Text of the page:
Religion in the Wild (Literally) Explores Relation Between Nature and Religion
The first lecture of Professor Brent Rodriguez-Plate’s new course, Religion in the Wild, took place far from its home base in Root Hall.
Religion in the Wild is an integrated Adirondack Adventure trip—one made by first-year students and Orientation Leaders––and semester-long religious studies course that headed out into the Adirondacks the week prior to orientation for its important first lesson.
After a raucous jitney ride and an exhausting day hike through a better-than- expected cool and rain-free climate, Religion in the Wild’s 10 student explorers settled into their first night on the trail. While the adventurers affixed headlamps to water bottles and sought refuge in sleeping bags, Plate prepared his first lesson. He set the stage for the coming adventure by reading aloud the late Maurice Sendak’s Where the Wild Things Are and encouraged drifting to sleep.
The nature-embracing lifestyle didn't end there. As the class settled in to its home on the Hill, students found the course was anything but ordinary book-learning. The mornings of Religion in the Wild include briskly walking across campus in pensive silence, limbering up to yoga and Greek dances in the Chapel, and journaling any reflections that flit across the mind while watching trees in the Glen sway during a breezy fall morning. All of which depends on what the rotating student in charge of morning activities has in mind.
In describing the crucial interdependence of religion and the wild, Plate’s favorite analogy is the old Reese’s Peanut Butter commercial where a man gets peanut butter in his chocolate and discovers how perfectly the two mix. Religion and the Wild, “both have to do with the body,” he explains.
His life-long studies in religious studies and philosophy led him to conclude that religious figures, like Mohammed, Buddha and Jesus, have central tenets of belief rooted in the bodily experience of the wild.
David Munger ’16, an Orientation Leader for the Adirondack Adventure portion of the trip, concurs with Plate’s conclusion, saying, “Since learning more about religions, and reading authors like Edward Abbey, Krakauer and Thoreau, the relationship between the wilderness and religion and religious experiences has become very apparent to me.”
Voyaging into the wilderness before delving into “ancient texts” holds particular relevance for Plate, as starting with the experience of the wild is to him “starting from the bottom up.” Religion cannot be truly understood without first experiencing the wild and how the body feels and is altered while travelling through it, he claims.
Shannon Boley ’17 adds, “My readings are not an abstract concept, which could have been very possible if I hadn’t experienced the wild itself.” The only way to go about true understanding of religious tradition is to get out of the classroom and into the wild. Only then can students make real, lasting sense of natural and religious writing.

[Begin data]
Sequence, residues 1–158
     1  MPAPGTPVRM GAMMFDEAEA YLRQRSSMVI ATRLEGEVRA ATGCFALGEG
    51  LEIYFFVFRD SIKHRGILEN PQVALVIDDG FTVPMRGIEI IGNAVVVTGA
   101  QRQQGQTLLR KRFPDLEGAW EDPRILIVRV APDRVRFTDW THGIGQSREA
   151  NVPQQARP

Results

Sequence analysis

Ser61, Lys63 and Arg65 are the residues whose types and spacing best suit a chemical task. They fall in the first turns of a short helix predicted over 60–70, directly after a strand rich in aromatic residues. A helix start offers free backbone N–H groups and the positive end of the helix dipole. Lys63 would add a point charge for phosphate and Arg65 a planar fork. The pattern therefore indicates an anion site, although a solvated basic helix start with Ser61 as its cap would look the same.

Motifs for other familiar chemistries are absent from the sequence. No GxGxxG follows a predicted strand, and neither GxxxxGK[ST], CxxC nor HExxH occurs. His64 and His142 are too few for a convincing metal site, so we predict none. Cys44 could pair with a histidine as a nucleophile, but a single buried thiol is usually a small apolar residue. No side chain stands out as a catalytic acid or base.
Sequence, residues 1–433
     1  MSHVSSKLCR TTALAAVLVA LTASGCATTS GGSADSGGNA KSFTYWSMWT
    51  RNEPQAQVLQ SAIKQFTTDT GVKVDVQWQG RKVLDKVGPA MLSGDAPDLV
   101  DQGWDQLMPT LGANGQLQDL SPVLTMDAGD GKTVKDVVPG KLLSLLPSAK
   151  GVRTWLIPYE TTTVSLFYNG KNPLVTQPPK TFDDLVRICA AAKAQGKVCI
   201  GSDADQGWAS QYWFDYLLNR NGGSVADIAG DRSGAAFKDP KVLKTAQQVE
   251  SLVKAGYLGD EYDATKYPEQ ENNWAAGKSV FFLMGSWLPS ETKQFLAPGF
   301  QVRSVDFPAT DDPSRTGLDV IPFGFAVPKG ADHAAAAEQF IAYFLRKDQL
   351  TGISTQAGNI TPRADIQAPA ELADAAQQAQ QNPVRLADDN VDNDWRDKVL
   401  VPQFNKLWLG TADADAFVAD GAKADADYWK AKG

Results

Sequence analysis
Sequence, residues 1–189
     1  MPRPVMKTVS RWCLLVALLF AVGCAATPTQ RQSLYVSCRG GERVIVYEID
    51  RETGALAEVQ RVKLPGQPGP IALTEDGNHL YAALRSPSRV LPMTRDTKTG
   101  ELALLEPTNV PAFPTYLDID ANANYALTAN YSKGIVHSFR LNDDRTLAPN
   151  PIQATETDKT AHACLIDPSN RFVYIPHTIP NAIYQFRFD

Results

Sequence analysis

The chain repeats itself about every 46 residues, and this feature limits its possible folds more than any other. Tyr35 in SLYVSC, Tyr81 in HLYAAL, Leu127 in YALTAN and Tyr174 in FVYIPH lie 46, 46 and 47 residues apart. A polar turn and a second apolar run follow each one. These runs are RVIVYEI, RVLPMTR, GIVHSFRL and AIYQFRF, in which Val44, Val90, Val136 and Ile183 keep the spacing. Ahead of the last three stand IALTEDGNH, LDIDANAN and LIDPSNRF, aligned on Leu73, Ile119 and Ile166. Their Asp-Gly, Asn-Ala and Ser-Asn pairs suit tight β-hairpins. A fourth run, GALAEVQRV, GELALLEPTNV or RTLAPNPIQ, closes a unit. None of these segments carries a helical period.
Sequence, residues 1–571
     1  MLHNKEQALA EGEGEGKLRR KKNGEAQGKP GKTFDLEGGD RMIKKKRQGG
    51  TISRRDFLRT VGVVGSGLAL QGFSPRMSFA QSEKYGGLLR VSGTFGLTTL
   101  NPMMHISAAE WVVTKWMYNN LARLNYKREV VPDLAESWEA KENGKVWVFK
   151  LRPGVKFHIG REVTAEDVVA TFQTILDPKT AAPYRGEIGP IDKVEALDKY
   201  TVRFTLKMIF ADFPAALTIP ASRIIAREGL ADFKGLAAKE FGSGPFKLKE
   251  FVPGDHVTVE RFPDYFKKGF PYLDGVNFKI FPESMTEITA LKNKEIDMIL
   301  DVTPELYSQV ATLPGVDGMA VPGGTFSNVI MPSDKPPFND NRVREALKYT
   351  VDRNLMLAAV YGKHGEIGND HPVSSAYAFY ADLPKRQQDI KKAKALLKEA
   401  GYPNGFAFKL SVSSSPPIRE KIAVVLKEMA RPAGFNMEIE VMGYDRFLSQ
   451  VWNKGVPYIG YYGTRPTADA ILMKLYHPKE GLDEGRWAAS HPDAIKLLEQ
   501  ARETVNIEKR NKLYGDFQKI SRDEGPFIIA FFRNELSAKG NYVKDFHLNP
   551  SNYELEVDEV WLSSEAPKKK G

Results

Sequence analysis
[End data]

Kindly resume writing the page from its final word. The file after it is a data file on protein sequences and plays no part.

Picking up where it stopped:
Rodriguez-Plate’s course has students dissecting the journeys of fellow adventurers as told by Jon Krakauer, Cheryl Strayed, Annie Dillard, to name a few. Essays have analyzed the extent to which these travellers’ tales present sympathetic, spiritually motivated, and truth-seeking pilgrims. Students are asked to apply concepts of pilgrimage and rites of passage to these adventurers’ excursions to understand their journeys in the context of ancient traditional religious or secular journeys, both being closely allied to the instinctually rooted appeal of the wild.
This dialogue is immensely deepened by the common experience of hiking through the Adirondack Mountains during the Adirondack Adventure and select weekends over the course of the semester. As Orientation Leader Mackenzie Leavenworth ’15 explains, “The hikes have not only been essential in the bonding of the classmates, but also in giving us tangible things to use in class discussions.”
Munger agrees, adding that the close connection between the classroom and wilderness experience gives “a very personal experience to consider, in a region close to school, and in a state of mind that forces one to reflect on and observe their experience more closely.”
But even these hikes aren’t enough wild for Professor Rodriguez-Plate and his students.
Boley embarked on a backpacking trip over Fall Break, something she says she “would not have done before this class.” For her, the course’s connection to real wilderness experiences “catapulted me into this new, nature-embracing lifestyle.”
For all the grandiosity of epic landscapes and foundational religious thought, Religion in the Wild ultimately keeps the lesson simple. Professor Plate stresses that simply admiring nature and following your thoughts wherever they may take you is perhaps more important than studious devotion to a religious text.
Students of the course should be prepared to “go out to the Glen and stare at things for a while,” Plate concludes.